Overall: I loved it! I was learning, I was writing, I was challenged to think and write in new directions. Faculty, staff, and students were extremely supportive and, at the same time, provided balanced critique. Meaning: no one was “too nice” and everyone followed the critiquing golden rule to critique as you would like to be critiqued. Seminars and craft classes examined topics such as Literary Reviewing, Writing the Other, and the Joy of Writing Sex, as well as a program-wide panel on magazine publishing. Interspersed throughout the day were graduate student craft presentations and thesis readings. Faculty readings in each genre were given in the evenings, including readings by Peter Stitt (non-fiction), Dave Johnson (screenwriting), Fred Leebron (fiction), and Morrie Creech (poetry).
Sunday: We arrived in Charlotte and met for an opening reception Sunday night on Queens campus. Students and faculty received a warm welcome from program director Fred Leebron and on-campus director, Michael Kobre. It was an opportunity to mingle, to meet students from all residency levels and genres, and to exchange manuscripts with our large and small groups. Our large group instructors were Elissa Schappell and Steve Rinehart. Part of the group meetings introduced us to our adviser/mentor for the semester (for me, Steve Rinehart!) and to review the critique how-to’s, along with the critiquing handbook given to us in advance.
Our program coordinator and directors had warned us that a storm was forecast, for the first time in low-residency history, and to be prepared for a few schedule changes.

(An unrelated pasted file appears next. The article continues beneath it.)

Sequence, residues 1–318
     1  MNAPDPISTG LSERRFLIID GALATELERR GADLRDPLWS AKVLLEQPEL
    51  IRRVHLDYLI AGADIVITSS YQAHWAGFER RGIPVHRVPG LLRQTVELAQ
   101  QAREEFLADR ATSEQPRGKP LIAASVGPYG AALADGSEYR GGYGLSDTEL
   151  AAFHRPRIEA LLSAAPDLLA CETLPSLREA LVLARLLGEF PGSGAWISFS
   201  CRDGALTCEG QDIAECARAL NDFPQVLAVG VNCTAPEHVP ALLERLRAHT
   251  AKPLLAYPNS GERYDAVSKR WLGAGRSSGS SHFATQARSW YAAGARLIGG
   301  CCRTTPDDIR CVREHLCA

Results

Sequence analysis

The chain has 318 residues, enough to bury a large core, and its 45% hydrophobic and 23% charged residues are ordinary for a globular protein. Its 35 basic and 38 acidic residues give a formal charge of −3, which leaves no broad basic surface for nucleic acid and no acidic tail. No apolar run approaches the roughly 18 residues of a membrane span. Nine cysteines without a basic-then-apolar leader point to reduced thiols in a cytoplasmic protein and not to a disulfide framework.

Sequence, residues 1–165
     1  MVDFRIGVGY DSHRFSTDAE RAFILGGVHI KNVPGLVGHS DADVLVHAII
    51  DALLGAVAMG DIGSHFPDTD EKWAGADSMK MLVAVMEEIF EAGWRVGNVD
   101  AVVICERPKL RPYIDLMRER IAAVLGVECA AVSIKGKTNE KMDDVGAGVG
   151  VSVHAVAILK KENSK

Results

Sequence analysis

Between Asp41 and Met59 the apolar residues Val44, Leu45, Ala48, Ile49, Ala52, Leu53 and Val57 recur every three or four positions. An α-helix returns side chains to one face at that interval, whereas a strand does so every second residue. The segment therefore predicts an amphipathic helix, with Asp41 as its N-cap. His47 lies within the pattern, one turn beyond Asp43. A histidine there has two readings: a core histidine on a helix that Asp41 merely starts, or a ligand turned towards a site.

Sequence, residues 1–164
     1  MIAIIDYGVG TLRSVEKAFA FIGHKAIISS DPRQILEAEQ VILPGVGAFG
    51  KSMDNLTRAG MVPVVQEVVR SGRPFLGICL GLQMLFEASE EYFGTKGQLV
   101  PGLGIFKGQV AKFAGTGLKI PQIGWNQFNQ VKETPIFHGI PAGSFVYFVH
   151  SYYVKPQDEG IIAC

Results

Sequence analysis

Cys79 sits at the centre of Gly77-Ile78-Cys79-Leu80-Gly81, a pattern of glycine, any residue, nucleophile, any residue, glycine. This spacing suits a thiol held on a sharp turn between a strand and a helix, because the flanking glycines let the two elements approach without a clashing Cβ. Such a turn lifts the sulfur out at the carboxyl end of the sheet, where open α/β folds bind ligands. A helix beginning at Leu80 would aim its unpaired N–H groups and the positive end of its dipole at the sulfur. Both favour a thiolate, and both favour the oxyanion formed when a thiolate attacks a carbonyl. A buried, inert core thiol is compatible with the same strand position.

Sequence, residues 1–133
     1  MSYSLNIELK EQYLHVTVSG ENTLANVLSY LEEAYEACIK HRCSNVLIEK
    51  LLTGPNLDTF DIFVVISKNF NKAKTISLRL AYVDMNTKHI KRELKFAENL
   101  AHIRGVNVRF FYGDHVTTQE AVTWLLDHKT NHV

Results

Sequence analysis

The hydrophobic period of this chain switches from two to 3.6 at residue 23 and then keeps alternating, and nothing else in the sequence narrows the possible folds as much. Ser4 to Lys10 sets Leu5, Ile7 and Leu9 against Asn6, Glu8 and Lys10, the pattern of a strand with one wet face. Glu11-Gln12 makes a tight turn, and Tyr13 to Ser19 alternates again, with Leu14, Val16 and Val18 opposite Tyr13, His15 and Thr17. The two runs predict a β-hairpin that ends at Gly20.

Then...it snowed. To my hometown - which comprises the D.C. Metro Area – I will never make fun of you again for your snow panic. Charlotte wins. The Queen City shut down completely - for approximately five inches of snow. Now, for all you snow-scoffers out there, it was snow and ice. The roads were completely covered in ice and we really could have skated to campus.
The upshot was that for January residency, MFA students stayed in three nearby hotels with shuttle service, since undergraduates filled the dorms (we’ll stay in the dorms during the May residency when undergrads are gone). The hotel was able to provide conference room space, so with some creative scheduling, we continued with workshops on Monday and Tuesday even though the campus had shut down.
Monday: Our first seminar on Literary Reviewing of Fiction (for year 1 and 2 students) was held at the Marriot. Jenny Offill gave an engaging and thorough presentation on the in’s, outs, and how-to of literary reviewing. We also discussed the advent of user-created book review blogs and the impact on book critics. This was one of my favorite aspects about the entire program – discussion is highly encouraged in all seminars.
Tuesday: Campus was closed again (and the public schools were closed for the entire week!) So we were given the unprecedented gift of time in the morning to spend with our group manuscripts to read and critique. We met again at the Marriot in the afternoon, and examined the two manuscripts. For our particular group, the writer listens and takes note while his/her piece is being workshopped. Questions and comments by the writer are saved until the end. I felt that the critiques of my piece were spot on (ex: more character development). There were some things I disagreed with but only as a technicality (ex: dialogue tags – I minimize them. One workshopper wanted more of them). It’s the writers call.
By Wednesday, we were up and running full speed ahead! All missed seminars and graduate thesis readings were rescheduled into the remainder of the week. Kudos to Melissa, our program coordinator, who successfully accomplished the scheduling feat!
I’ll sum up the rest of the week - and what happens next throughout the semester - in another post. Right now, I have homework to do!